Strategies for More Financially Literate Clients

When you work with financially literate clients, you can enjoy a stronger sense of collaboration. You can also reduce risk since clients who participate in building their financial strategy are less likely to be upset if something doesn’t turn out as expected.

November is Financial Literacy Month, and everyone from government agencies to media and financial institutions are doing their part to promote the initiative. The reason is simple, there are many financial steps Canadians must take after earning their first pay cheque to the time they retire with a healthy nest egg. We are all better off when we know how to earn, borrow, budget, save and invest our money.

As a financial advisor, you play an important role not only in facilitating some of the most important steps around saving and investing but also in helping your clients gain knowledge and confidence that will help them when they are making decisions. It’s good for their well-being, it’s good for your business, and it’s good for society, too.

Assume nothing and explain everything

Here’s a reality for many people when they first sit down with a financial advisor: they’re nervous. They may not have a great deal of financial knowledge and might not know what to expect from the conversation. Their financial affairs may not be in good order, which could be embarrassing. Most importantly, it can be difficult to make big financial decisions without adequate knowledge, and this can cause them to feel guarded.

But, to avoid revealing negative emotions, many people will simply smile and nod along – even when they’re confused. On the surface, it may seem that the meeting is going very well. In reality, the client may have a lot of information going in one ear and out the other.

For many personality types, the best antidote is to assume nothing and explain everything. Go ahead and answer the questions someone might be too shy to ask, beginning with:

  • “What does a financial advisor do?”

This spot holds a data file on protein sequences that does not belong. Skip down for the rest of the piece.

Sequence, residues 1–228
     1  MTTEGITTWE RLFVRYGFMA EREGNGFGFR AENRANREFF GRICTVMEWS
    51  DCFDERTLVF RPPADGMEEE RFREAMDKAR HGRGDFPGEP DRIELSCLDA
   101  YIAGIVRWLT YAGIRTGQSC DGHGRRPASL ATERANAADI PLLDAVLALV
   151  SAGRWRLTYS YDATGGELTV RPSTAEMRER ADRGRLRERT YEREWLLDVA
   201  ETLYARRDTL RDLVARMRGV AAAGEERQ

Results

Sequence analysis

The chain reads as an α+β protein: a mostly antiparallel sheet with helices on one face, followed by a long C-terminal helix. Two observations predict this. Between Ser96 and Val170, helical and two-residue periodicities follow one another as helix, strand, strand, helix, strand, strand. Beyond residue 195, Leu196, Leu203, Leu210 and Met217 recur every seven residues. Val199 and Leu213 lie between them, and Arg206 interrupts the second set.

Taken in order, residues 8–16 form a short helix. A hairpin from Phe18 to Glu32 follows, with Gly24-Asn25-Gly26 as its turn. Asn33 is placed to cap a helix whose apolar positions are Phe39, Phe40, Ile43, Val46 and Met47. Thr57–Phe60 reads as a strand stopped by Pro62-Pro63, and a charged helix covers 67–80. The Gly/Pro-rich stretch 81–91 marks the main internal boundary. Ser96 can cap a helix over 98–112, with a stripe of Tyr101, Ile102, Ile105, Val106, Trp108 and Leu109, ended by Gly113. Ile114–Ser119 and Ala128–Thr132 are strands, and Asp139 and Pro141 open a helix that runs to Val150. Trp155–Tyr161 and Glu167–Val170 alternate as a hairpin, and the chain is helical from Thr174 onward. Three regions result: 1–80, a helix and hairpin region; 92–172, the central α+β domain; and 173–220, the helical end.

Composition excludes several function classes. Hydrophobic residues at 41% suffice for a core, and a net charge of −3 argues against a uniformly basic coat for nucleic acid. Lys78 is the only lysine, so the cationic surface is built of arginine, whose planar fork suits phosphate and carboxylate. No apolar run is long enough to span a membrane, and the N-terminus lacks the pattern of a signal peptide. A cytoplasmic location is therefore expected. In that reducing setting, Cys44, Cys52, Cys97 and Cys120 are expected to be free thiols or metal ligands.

• “What are your qualifications to be a financial advisor?”
  • “What are stocks?” or “What is a mutual fund?”
  • “What is an interest rate?” or “How does a GIC work?”

Do not assume that clients understand even the most basic things. If they understand, they will let you know and you can move on – no harm done. But if they don’t understand, patiently helping them grasp these basics is necessary for them to feel safe, develop trust and start absorbing more of the conversation.

Jargon bad, questions good

Jargon, lingo, slang – call it what you want, it can be alienating to clients. Be on the lookout for any language that assumes the client has pre-existing knowledge. This isn’t always easy because the language probably comes naturally to you. Consider saying “fee” instead of “MER” and “Tax-Free Savings Account” instead of “TFSA” and “mix of investments” instead of “asset allocation.”

Questions are another powerful tool for building financial literacy – both those that you ask and those that you encourage your clients to ask.

Asking questions helps you understand what’s important to your clients so you can place the financial aspects of the conversation within the context of their lives. Contrast, for example, how much more interesting it is to say, “I will recommend a strategy to help you avoid selling your home in retirement,” versus something generic like, “I will recommend a strategy to help you meet your goals.” Which one do you think will put the client in a better mindset to pay attention and learn?

Encouraging clients to ask questions helps them clarify concepts and feel more committed to their decisions. Rather than assuming they can see why, for example, a tax deduction might be a beneficial aspect of an RRSP, put them at ease by opening the door for questions: “I know tax deductions can be a tricky topic – do you have any questions about how they work? Would it be helpful if I showed you an example?”

Some useful resources

It’s great to be your clients’ go-to person for financial education. There are a few online resources that you might also find useful to recommend – here are three that we like:

  • Financial literacy programs from the Government of Canada are quite extensive. The “Your Financial Toolkit” modules take a deep dive into several topics, and the e-Learning videos make the content highly digestible.
  • Get smarter about money is a website created in association with the Ontario Securities Commission to teach Canadians about investing – the basics of how to do it successfully, as well as some of the pitfalls to avoid.
  • Practical Money Skills is a rich resource of articles, calculators and downloadable materials aimed at the whole family. You’ll find resources on everything from spending management to buying a home.

As a financial advisor, supporting a client’s understanding of their finances is a real value-add that can provide personal and professional satisfaction. Do it by demonstrating that you are willing to patiently explain even the most basic things without jargon, asking questions that help you make your lessons more relevant, and encouraging questions that will help your clients move forward with confidence.

Share Article